on individuals and organizations from the Newport area. Their website has an
online guide to its larger photographic collections and graphic materials.
The New England Historic Genealogical Society 101 Newbury St.Boston,
Many people join the NEHGS to use its manuscript collections without being
aware that many of those family manuscripts also contain photographs. If an
inventory exists for a particular collection, check to see if there is a box of
images listed. For further confirmation, ask a member of the staff of the
Manuscripts Department, or a staff librarian.
Local public libraries usually also maintain local history collections that
might contain ancestral portraits. See the article on this website titled " A
Rhode Island Research Directory " for more information on public libraries.
Online LibrariesThere are two websites with digital
collections that you must include in your search because they are nationwide in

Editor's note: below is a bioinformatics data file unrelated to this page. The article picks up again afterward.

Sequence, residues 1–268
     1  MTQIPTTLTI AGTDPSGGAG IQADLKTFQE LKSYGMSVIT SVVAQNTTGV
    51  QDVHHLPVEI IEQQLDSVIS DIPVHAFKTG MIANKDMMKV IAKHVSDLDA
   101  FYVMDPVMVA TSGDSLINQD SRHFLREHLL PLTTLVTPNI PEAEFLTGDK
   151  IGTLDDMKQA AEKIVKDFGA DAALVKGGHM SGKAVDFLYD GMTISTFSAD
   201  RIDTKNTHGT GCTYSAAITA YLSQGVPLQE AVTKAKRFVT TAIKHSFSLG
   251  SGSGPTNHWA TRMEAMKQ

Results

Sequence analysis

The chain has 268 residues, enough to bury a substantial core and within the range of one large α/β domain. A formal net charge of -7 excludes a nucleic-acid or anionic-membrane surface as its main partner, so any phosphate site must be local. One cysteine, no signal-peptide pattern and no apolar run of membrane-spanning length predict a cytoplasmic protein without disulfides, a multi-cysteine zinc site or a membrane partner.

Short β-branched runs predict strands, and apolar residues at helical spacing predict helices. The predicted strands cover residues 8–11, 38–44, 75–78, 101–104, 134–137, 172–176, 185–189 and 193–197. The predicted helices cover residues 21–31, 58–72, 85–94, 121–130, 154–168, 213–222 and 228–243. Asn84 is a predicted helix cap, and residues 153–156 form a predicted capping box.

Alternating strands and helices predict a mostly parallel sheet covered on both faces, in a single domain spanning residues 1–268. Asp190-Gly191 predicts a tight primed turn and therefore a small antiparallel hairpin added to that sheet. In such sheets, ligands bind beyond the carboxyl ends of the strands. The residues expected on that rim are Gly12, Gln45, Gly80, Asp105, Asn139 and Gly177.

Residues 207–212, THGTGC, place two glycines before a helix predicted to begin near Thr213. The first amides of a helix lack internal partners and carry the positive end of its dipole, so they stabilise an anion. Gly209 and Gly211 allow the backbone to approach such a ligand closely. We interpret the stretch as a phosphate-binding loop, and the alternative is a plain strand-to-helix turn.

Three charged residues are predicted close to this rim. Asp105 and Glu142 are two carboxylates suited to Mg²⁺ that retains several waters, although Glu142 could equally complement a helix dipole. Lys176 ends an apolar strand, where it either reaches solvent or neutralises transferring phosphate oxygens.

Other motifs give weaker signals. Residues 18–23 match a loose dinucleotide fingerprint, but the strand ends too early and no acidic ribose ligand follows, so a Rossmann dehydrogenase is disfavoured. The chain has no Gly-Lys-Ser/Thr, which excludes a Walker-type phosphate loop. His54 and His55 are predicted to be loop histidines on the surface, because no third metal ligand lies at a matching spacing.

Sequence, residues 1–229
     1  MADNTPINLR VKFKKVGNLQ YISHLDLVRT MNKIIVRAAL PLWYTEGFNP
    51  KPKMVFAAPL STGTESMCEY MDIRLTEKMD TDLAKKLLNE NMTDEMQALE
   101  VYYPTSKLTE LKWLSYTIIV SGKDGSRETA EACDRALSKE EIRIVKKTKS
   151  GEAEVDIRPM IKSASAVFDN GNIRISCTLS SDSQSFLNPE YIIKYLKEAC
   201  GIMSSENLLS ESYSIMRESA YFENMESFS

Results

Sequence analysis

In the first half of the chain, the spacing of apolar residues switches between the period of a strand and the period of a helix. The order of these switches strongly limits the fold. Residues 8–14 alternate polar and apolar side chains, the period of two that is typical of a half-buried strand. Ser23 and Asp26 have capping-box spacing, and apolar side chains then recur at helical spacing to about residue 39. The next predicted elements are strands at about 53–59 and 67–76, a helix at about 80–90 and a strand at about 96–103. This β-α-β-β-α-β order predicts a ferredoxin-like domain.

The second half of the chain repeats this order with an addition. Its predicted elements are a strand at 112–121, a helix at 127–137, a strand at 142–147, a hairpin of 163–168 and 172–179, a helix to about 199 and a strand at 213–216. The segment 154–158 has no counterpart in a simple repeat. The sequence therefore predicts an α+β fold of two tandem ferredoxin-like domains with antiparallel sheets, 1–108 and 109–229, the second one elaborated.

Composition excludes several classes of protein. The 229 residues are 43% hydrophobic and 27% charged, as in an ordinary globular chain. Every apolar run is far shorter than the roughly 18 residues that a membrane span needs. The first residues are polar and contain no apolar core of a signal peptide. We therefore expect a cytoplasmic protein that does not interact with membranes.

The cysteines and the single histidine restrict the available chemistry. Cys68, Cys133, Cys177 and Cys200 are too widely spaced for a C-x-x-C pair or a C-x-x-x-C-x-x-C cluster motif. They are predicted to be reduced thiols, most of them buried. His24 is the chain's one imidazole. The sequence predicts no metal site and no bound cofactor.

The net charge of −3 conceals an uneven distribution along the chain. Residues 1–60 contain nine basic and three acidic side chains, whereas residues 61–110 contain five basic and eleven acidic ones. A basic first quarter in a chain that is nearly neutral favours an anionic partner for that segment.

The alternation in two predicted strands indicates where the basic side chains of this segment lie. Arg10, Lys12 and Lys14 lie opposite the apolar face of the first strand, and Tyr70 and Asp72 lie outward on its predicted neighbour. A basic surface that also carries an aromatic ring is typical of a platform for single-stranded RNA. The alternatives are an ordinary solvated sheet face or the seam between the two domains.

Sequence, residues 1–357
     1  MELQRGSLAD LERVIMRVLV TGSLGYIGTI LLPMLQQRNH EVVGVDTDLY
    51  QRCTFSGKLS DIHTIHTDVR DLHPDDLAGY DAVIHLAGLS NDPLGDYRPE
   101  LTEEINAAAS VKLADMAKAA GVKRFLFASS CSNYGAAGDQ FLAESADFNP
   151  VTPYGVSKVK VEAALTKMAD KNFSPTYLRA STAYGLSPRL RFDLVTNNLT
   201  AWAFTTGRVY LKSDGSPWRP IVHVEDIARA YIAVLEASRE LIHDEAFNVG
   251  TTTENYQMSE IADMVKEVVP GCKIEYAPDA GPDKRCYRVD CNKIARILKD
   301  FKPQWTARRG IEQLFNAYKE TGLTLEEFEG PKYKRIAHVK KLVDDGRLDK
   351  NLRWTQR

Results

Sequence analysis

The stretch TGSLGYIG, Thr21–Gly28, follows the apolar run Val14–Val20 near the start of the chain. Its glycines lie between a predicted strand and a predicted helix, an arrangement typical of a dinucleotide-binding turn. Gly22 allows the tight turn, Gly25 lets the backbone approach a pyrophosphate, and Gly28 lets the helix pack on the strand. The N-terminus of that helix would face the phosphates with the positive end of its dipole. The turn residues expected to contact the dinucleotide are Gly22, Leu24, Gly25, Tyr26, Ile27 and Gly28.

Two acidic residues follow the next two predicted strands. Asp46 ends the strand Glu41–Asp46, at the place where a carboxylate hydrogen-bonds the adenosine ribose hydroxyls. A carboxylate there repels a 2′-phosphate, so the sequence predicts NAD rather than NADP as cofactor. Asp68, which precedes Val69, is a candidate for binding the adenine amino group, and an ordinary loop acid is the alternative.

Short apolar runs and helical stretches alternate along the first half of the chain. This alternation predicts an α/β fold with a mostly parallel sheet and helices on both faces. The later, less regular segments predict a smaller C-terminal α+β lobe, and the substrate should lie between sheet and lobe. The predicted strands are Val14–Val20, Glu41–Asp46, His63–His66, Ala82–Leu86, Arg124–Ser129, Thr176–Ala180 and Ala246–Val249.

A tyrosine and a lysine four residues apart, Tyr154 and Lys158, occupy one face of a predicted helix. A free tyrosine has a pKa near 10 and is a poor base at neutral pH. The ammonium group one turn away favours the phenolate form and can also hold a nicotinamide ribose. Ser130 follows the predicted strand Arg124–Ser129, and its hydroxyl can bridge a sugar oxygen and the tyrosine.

The Library of
The American Memory Project is a collection of over seven million digital
images from more than 100 collections on a vast variety of subjects. Every time
I look there is something new to see. Their search feature enables you to either
search all the collections at once or pick a single collection.
United States Army Military History InstituteAttn:
Special Collections22 Ashburn Dr.Carlisle, PA
If one of your Rhode Island ancestors served in the military you will want to
search this organization's online image collection. This library has photographs
from the Mexican-American War of 1846 to the present, but the bulk of the
material dates from the Civil War. They have both group and individual
portraits. If you locate a relevant image you can write to them for copies.
Additional Online Options
Search enginesTry typing your ancestors surname into a
standard search engine and see if you find any hits. You might discover a family
website with pictures. Now attempt it again using one of the following image
search engines. Instead than finding websites associated with your search terms,
image search engines find images that contain your search words in nearby text
and file names.